Withdrawing Deemed Admissions

Some afternoons it’s not the weather than sends chills down your spine but the thought that you could have been in a party’s position in a case you’re reading.  In the attached, Judge Mazzant denied a party’s motion to withdraw a party’s motion to withdraw and amend deemed admissions.  The order provides a useful guide on what facts are important when you find yourself in a similar situation.  Or, let’s be clear here – how not to respond to discovery requests.

Standards for Motions to Vacate Entry of Default and Default Judgment

Last month I mentioned a law professor of mine telling me that the thing that lawyers are most interested in learning about federal court is how to get out, hence the interest in standards for removal and remand.  It turns out that’s not exactly true – they are actually even more interested in the standards for setting aside default judgments (which includes the subsidiary issue of setting aside the clerk’s entry of default. This case by Judge Mazzant is not the freshest egg in the drawer, but Westlaw apparently just decided that it needed publishing, and after all, ten months is not such a long time.  So here are the standards you need if you find yourself in this very uncomfortable situation.

Motion to Dismiss Raises Personal Jurisdiction, Venue and Convenience

On the surface, it just says it’s a ruling on a motion to dismiss, or in the alternative to transfer venue, but under that plain exterior lurks  a detailed analysis of the defenses of personal jurisdiction (which is not, repeat NOT what you were taught in law school) , improper venue under  the general venue statute (and how to throw it away), and a motion to transfer under Section 1404.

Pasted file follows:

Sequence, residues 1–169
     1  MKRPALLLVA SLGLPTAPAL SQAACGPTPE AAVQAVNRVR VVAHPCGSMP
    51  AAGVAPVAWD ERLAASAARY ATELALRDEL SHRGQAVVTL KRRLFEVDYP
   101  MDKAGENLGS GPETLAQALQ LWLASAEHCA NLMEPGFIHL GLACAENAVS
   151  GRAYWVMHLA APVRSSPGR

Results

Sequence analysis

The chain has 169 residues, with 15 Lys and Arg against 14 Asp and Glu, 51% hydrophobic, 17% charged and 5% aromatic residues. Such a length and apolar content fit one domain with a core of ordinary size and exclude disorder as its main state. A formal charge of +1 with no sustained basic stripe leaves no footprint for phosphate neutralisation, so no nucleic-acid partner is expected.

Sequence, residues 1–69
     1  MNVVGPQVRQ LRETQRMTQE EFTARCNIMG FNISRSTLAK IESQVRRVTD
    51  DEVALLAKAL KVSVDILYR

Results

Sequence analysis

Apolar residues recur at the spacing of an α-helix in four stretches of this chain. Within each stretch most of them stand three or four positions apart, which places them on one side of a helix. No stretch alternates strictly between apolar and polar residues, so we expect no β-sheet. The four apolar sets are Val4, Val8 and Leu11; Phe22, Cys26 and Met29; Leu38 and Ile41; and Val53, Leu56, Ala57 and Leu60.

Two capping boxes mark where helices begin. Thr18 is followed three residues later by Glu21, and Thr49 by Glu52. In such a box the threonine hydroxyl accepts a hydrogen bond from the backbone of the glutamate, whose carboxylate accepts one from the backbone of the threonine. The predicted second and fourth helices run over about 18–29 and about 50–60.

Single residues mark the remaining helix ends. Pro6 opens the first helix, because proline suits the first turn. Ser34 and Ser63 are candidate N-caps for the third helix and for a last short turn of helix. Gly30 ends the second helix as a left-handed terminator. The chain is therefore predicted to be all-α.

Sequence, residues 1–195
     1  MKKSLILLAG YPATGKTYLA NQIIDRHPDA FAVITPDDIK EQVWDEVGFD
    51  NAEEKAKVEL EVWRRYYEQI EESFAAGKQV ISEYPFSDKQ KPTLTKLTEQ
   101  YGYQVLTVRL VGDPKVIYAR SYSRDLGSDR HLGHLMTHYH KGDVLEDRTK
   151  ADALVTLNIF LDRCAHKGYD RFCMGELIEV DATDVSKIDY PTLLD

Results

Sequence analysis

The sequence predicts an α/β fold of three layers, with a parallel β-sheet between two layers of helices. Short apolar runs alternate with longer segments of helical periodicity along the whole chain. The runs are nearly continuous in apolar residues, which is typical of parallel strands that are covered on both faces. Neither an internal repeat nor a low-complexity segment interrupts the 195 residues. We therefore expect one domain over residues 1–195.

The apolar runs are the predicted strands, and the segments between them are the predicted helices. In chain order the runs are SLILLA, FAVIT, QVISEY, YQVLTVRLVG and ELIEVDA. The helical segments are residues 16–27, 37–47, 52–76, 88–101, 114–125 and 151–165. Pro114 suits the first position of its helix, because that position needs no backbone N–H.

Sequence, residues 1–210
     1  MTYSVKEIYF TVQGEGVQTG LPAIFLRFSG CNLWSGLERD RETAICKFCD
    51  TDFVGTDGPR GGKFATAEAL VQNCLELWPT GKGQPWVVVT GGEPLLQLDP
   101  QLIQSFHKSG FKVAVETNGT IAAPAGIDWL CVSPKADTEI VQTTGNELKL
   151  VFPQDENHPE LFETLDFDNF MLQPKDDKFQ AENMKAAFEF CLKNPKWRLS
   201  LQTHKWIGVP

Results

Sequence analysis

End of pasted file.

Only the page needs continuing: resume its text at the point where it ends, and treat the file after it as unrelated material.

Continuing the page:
So while it’s not exactly everything you need to know about these motions – it’s not the Magna Charta of venue law as Judge Heartfield once (well, maybe more than once) described his magnus opus Mohamed v Mazda, it’s still a thorough and useful recitation of the applicable standards.

Motion to Remand Granted

Many years ago when I was asked to prepare my first federal update paper, I called my federal courts professor from law school and asked him what people want to hear in a federal update.  He didn’t hesitate.  “Removal and remand.”  Why?  “Most lawyers don’t know anything about federal court and don’t want to be there.  The thing they want to know is how to get out.” So it’s always good to keep a few recent decisions on motions to remand handy, in case you fall into that category.  This recent opinion by Judge Mazzant fits the bill nicely, as it addresses a requirement few think about.

Equitable Remedies Under Ye Old Lanhame Acte

I’m sorry – I just can’t hear about a court “sitting in equity” without wondering whether everyone needs to reach in their briefcase and find their wigs.  (I realize a few may already have them on, and guys, your secret – such as it is – is safe with me). That’s probably not quite what it looked like in Judge Mazzant’s courtroom in Sherman when he pressed “enter” to paste his electronic signature on the opinion in this interesting Lanham Act case dealing with remedies. But a good exposition of the law is always welcome, so let’s see what happened here.